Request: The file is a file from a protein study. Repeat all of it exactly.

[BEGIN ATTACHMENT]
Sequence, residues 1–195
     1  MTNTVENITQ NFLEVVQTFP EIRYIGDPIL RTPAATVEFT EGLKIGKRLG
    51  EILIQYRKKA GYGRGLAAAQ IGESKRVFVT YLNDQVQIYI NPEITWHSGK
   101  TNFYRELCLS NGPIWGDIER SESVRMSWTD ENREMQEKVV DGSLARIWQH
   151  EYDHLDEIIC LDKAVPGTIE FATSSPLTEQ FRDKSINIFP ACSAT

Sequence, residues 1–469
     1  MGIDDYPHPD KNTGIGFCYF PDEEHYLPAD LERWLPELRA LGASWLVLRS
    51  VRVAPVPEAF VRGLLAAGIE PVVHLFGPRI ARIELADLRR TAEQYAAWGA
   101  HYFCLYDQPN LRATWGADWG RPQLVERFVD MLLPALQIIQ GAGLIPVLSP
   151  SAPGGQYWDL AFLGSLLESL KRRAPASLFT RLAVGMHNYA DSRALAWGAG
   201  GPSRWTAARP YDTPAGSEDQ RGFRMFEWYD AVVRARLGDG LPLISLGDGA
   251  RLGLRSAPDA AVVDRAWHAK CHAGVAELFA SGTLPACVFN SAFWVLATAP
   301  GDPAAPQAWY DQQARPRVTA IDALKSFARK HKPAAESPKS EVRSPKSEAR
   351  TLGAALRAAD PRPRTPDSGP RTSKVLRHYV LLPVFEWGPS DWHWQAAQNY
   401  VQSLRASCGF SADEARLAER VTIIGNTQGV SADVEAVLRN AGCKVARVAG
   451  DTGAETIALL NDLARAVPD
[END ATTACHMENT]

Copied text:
Sequence, residues 1–195
     1  MTNTVENITQ NFLEVVQTFP EIRYIGDPIL RTPAATVEFT EGLKIGKRLG
    51  EILIQYRKKA GYGRGLAAAQ IGESKRVFVT YLNDQVQIYI NPEITWHSGK
   101  TNFYRELCLS NGPIWGDIER SESVRMSWTD ENREMQEKVV DGSLARIWQH
   151  EYDHLDEIIC LDKAVPGTIE FATSSPLTEQ FRDKSINIFP ACSAT

Sequence, residues 1–469
     1  MGIDDYPHPD KNTGIGFCYF PDEEHYLPAD LERWLPELRA LGASWLVLRS
    51  VRVAPVPEAF VRGLLAAGIE PVVHLFGPRI ARIELADLRR TAEQYAAWGA
   101  HYFCLYDQPN LRATWGADWG RPQLVERFVD MLLPALQIIQ GAGLIPVLSP
   151  SAPGGQYWDL AFLGSLLESL KRRAPASLFT RLAVGMHNYA DSRALAWGAG
   201  GPSRWTAARP YDTPAGSEDQ RGFRMFEWYD AVVRARLGDG LPLISLGDGA
   251  RLGLRSAPDA AVVDRAWHAK CHAGVAELFA SGTLPACVFN SAFWVLATAP
   301  GDPAAPQAWY DQQARPRVTA IDALKSFARK HKPAAESPKS EVRSPKSEAR
   351  TLGAALRAAD PRPRTPDSGP RTSKVLRHYV LLPVFEWGPS DWHWQAAQNY
   401  VQSLRASCGF SADEARLAER VTIIGNTQGV SADVEAVLRN AGCKVARVAG
   451  DTGAETIALL NDLARAVPD